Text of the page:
by Michele Sharpe
I wanted to love him
like my fifteen-year-old self:
lips unsplit, nose unbroken,
face without a mark
on it, my tongue tasting
Seneca thought luck happened
when preparation met opportunity.
I’d like to think it was the plums’ sweetness
that prepared me
to taste the bitterness,
In this marriage, my mother’s skin was,
assuredly, my own:
craving, drenched with knowing
touch and never enough touch
and never enough.
Rivers froze where I grew up,
and spring shattered them.
He liked to say
he un-bitched me.
Maybe so, or maybe fish
leapt from the river as sleet.
His father took him fishing
on Ozark rivers under
yellow honeysuckle. I wouldn’t
recognize those rivers, only
his hands, circling
a canoe paddle and his sex.
He asked me to marry him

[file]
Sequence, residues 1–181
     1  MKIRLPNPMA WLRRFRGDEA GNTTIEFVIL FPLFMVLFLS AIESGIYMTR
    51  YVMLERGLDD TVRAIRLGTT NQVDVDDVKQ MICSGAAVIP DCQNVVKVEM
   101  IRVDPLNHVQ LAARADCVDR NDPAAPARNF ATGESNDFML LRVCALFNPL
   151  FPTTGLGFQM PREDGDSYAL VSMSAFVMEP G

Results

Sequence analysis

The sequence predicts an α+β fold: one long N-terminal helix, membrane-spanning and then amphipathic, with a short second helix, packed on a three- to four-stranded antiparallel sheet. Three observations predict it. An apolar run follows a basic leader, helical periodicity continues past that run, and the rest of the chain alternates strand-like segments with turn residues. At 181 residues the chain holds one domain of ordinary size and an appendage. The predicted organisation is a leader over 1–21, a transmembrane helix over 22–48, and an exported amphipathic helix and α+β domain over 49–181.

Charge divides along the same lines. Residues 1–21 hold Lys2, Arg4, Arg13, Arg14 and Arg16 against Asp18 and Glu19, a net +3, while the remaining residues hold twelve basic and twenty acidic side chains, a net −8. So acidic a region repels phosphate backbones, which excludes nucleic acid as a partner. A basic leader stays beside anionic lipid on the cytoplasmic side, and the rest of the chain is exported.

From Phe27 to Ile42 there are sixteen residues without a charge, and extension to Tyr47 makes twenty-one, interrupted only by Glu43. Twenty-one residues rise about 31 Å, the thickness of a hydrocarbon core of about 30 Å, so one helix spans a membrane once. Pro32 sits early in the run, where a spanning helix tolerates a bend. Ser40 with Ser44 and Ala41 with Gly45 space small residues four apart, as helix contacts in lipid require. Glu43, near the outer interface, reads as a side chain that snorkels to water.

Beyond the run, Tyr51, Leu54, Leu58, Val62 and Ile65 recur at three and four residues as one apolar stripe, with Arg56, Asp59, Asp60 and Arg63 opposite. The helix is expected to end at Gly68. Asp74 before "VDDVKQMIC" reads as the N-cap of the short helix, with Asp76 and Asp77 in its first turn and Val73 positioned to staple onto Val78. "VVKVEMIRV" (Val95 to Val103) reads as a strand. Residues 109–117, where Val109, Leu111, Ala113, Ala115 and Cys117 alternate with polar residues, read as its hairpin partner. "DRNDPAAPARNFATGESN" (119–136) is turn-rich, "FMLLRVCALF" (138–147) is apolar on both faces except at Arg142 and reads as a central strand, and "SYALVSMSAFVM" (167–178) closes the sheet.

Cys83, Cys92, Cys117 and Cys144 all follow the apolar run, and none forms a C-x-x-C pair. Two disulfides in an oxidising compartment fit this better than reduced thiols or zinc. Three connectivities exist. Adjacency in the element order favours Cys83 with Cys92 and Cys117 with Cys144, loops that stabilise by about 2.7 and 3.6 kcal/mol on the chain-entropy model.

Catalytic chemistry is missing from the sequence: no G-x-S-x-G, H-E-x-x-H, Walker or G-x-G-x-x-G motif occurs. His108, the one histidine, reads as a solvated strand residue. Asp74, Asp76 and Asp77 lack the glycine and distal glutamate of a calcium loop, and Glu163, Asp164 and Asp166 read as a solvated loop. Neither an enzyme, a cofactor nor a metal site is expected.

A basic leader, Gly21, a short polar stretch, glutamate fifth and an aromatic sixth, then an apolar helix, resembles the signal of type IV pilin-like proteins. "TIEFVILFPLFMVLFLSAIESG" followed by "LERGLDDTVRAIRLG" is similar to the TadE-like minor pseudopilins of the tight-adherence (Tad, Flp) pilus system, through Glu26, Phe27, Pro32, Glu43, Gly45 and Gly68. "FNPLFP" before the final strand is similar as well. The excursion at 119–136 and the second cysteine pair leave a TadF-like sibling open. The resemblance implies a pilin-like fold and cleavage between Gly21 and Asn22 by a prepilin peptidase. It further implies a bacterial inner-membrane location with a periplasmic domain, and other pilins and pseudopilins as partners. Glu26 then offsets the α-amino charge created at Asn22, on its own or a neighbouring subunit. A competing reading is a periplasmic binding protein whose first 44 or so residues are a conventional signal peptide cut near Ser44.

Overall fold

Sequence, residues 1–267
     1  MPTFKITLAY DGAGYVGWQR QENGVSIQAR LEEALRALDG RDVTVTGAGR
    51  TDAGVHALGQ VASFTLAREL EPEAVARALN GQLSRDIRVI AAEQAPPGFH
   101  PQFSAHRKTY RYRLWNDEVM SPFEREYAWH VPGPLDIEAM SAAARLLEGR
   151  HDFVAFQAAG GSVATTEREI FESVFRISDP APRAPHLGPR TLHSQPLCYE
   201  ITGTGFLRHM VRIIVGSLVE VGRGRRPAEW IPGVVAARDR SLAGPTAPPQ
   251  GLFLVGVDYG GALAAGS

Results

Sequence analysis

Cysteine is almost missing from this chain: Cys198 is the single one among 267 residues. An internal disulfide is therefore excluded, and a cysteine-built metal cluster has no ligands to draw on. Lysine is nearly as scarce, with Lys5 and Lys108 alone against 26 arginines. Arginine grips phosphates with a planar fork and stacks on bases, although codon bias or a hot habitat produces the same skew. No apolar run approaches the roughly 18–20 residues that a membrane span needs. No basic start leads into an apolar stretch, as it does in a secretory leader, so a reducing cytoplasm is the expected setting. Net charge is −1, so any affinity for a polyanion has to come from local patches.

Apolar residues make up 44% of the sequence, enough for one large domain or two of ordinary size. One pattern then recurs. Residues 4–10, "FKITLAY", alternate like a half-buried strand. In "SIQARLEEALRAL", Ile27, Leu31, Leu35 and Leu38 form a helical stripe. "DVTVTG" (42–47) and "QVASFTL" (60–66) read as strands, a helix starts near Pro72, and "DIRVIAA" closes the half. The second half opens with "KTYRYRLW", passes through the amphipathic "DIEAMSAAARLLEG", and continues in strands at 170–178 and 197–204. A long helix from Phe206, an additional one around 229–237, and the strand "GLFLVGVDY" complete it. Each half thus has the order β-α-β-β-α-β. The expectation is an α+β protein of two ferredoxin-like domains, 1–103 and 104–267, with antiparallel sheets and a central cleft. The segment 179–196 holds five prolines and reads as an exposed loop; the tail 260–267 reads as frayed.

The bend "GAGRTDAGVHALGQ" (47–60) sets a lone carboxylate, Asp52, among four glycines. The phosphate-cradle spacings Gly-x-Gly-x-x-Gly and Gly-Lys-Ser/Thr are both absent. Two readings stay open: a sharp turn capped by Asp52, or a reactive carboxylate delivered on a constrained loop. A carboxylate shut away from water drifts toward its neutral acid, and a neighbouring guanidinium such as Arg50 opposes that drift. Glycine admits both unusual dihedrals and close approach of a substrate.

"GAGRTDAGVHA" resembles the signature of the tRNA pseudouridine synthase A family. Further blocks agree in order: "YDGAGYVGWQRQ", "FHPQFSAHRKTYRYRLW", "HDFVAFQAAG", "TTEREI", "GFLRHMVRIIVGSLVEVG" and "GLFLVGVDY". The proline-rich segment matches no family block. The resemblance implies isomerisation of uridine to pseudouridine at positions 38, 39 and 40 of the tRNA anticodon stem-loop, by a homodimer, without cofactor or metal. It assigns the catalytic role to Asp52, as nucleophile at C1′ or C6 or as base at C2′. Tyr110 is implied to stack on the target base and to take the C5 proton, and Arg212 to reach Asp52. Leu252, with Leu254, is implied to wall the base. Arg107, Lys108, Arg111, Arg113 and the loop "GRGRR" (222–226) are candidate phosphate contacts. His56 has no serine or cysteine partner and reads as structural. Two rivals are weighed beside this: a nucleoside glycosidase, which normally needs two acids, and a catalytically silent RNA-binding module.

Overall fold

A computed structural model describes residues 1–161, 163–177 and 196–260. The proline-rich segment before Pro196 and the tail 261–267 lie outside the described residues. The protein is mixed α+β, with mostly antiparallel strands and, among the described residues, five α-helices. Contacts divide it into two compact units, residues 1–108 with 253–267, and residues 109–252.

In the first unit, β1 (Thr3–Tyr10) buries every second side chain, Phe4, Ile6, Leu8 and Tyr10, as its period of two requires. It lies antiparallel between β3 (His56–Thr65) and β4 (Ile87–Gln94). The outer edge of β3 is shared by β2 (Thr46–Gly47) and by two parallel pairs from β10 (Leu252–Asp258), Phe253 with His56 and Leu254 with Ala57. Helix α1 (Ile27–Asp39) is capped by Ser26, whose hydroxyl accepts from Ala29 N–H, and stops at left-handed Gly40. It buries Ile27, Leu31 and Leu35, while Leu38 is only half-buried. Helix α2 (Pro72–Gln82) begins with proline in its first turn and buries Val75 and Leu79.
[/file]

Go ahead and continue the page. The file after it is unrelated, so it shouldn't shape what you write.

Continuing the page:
the first time we had sex,
asked so easily, as if it was
his habit. I waited
him out. My river, his spring,
Slash Pine Sapling
Her first grief was falling –
away from sun and high winds
swinging her like a carnival ride.
She landed on the forest floor among corpses,
but closer to her mother’s underground intimacies
with other trees. Rooting web. Sugar and hum.
This she has in common with me:
germinating after fire. The cone holding her
un-spiraled in heat, releasing her-as-seed.
My first grief was expulsion
from the hot womb where my needs
were met. The second was separation
from my mother, then the loneliness.
My luck was being born loving breezes,
sun, trees, and never being far from them.
The sapling etiolates in dense shade, straining
toward the bright paradise she remembers,
the understory dry and ripe for fire.